Lenore Ulric (originally Ulrich), a well known American actress of both stage and screen, first attracted attention in Oliver Morosco's production of The Bird of Paradise, which opened at Daly's Theatre, New York, on 8 January 1912. The play transferred to Maxine Elliott's Theatre on 22 January 1912 where it closed on 13 April before setting out on tour.
'Bird of Paradise Coming
'Strong Play Here Monday [3 November 1913]
'Dick Tully's Beautiful Drama to Be Produced at Majestic [Nevada]
'Oliver Morosco's production of Richard Walton Tully's strikingly original play, The Bird of Paradise, will e seen at the Majestic theater tomorrow evening for one performance only.
'Amid the confusion of financial and political plays, the bewildering mazes of society comedy and the sometimes nauseous mess of problem and sex-drama, The Bird of Paradise stands forth in powerful and refreshing relief.
'Dr. Paul Wilson, a bright young American, is fascinated by the apparent idyllic beauty and care-freedom of the native life of Hawaii. To tell the truth he is most of all fascinated by the beautiful Pele girl Luana, and when Luana, alike fascinated by his culture and blasť manners, insidiously summons him to her existence - he goes. The tragedy at the end lies in the hopelessness of poor Luana. Paul Wilson, waking at length to his race sensibilities, is ultimately redeemed. But Luana, the native girl, with her longing for indolence, and the saccharine music of the ukulele, and the Kanaka intoxicants, and primitive life, finds these inborn traits and her unutterable love for Paul hopelessly apart. It is Luana's Caucasian love and Malay life which gives the last act its intense realism and somber dramatic power.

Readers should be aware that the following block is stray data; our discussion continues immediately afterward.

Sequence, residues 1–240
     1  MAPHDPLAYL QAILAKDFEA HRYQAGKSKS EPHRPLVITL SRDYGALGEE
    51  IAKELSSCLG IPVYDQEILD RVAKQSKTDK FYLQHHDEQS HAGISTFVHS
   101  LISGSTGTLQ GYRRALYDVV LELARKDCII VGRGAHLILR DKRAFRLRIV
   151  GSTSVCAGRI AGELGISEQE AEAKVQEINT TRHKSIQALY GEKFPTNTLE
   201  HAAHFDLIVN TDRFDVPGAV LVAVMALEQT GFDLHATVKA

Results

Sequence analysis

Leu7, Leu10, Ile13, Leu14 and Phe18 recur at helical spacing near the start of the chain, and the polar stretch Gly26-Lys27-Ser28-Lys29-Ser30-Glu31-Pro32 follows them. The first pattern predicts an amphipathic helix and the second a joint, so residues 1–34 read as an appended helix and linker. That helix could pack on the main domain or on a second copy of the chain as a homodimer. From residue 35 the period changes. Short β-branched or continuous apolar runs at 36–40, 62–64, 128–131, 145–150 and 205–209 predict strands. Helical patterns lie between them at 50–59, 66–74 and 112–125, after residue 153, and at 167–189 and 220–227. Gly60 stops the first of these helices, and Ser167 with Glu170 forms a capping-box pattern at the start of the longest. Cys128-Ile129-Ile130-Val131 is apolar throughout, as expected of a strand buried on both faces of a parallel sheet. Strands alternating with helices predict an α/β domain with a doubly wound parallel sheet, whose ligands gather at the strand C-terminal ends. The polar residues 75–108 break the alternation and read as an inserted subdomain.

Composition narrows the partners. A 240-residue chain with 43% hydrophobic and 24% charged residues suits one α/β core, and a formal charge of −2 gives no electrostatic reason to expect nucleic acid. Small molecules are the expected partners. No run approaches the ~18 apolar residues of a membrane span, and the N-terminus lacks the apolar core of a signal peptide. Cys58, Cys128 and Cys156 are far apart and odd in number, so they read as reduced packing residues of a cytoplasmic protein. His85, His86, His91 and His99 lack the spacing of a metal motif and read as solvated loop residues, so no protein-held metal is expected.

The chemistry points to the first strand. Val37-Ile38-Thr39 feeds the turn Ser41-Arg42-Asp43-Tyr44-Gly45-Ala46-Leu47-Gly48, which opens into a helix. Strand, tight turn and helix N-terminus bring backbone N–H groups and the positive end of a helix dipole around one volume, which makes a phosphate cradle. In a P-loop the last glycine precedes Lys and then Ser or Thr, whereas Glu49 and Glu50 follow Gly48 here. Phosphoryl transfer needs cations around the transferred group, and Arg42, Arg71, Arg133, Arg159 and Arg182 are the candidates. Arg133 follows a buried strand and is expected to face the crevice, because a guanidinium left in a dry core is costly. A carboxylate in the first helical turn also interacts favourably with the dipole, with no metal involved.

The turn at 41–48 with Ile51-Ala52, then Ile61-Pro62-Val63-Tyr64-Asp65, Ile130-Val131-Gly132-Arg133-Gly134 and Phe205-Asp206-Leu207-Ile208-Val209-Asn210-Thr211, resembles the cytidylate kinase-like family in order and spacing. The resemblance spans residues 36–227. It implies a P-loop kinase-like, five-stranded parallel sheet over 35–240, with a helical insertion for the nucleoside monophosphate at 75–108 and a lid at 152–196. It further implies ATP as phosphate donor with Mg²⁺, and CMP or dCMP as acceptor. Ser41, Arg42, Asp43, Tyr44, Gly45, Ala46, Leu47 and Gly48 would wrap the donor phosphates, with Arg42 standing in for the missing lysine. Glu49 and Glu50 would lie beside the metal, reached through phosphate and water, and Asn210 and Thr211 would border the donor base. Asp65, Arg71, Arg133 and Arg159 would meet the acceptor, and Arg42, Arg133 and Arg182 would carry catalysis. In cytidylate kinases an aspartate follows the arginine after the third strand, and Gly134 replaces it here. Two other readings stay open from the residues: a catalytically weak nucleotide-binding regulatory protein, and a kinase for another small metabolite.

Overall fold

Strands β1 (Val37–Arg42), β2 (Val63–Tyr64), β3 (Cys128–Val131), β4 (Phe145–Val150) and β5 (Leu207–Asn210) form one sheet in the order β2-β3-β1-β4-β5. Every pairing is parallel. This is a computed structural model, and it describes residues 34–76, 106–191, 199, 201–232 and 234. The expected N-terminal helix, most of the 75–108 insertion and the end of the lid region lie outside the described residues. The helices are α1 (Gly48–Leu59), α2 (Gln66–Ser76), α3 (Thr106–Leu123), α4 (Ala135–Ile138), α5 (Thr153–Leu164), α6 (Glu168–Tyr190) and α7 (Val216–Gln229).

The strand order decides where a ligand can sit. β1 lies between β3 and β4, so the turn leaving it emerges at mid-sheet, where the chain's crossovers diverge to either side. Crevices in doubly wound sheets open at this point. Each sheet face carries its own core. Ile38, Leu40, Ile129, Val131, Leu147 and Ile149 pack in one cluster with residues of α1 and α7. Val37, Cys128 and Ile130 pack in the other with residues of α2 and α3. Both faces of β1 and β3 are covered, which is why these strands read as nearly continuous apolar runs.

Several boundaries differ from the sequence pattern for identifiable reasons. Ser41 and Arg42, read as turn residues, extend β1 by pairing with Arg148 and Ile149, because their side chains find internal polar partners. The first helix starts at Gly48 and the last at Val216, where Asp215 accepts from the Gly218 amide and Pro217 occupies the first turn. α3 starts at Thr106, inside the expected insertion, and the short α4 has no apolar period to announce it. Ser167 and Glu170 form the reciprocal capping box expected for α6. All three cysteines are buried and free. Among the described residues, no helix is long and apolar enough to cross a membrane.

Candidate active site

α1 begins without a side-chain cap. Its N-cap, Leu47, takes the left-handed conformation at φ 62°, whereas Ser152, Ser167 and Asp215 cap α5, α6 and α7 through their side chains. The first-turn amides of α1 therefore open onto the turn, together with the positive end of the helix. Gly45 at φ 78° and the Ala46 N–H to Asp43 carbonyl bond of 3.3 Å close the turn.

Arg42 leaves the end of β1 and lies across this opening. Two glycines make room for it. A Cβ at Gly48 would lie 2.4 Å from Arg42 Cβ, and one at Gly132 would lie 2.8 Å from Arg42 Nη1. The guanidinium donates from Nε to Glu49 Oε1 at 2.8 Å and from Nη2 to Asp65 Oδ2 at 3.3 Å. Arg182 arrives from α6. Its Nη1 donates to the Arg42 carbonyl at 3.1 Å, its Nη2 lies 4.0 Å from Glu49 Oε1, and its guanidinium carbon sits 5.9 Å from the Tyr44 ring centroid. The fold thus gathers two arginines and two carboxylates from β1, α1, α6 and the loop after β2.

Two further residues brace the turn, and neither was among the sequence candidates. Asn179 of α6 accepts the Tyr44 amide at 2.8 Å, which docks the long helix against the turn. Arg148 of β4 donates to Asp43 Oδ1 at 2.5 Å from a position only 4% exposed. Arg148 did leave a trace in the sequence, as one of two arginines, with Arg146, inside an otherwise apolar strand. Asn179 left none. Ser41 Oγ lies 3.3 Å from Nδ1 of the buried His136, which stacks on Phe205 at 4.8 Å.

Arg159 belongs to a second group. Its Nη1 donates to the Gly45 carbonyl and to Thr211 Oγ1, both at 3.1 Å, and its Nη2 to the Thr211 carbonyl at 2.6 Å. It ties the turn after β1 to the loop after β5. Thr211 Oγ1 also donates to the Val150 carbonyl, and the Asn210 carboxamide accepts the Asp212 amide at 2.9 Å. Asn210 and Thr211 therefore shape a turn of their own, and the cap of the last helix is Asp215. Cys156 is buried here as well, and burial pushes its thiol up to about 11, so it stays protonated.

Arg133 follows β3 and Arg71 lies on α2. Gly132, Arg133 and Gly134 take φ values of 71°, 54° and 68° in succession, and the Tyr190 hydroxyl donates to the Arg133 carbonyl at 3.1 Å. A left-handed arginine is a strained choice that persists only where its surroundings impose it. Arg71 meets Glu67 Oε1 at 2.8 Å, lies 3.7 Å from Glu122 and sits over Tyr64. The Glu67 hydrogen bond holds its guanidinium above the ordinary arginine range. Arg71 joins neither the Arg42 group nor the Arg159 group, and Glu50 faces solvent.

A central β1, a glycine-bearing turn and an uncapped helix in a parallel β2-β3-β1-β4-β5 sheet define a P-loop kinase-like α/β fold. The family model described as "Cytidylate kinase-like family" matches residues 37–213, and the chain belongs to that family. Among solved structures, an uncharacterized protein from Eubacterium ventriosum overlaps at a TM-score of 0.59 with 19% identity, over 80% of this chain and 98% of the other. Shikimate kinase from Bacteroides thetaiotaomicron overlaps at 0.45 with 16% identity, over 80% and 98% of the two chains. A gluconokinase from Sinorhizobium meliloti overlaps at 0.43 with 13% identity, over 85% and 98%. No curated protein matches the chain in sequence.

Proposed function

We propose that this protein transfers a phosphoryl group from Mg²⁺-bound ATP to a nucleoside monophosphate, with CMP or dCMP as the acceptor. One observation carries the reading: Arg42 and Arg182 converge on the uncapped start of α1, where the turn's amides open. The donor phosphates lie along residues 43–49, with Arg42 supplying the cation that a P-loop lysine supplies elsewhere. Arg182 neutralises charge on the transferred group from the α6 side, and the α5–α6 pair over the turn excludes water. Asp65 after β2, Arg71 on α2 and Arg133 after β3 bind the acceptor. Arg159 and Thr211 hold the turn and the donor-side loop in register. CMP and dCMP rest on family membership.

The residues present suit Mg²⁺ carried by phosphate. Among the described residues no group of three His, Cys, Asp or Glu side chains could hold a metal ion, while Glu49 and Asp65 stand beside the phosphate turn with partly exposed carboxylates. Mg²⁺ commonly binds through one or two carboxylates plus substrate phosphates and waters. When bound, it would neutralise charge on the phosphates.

'Mr. Morosco has assembled a masterful company. Lenore Ulrich, will in her teens and a veritable miniature [Sarah] Bernhardt, gives a touch of almost lurid fire to her portrayal of Luana [the part originally played during the New York run by Laurette Taylor], the child of Pele. William Desmond, a splendid American actor just back from a starring tour in Australia, is to be seen as Paul Wilson [originated by Lewis S. Stone]; and David Landau, a western actor of convincing power, returns to the role of Dean which he created [sic; the part was actually created by Guy Bates Post]. The rest of the cast is splendidly efficient and includes the original troupe of native musicians and dancers brought from Honolulu by Mr. Morosco especially for the production.
'The volcano scene of the last set is a terrific bit of realism.'
(Nevada State Journal, Sunday, 2 November 1913, p.2b)
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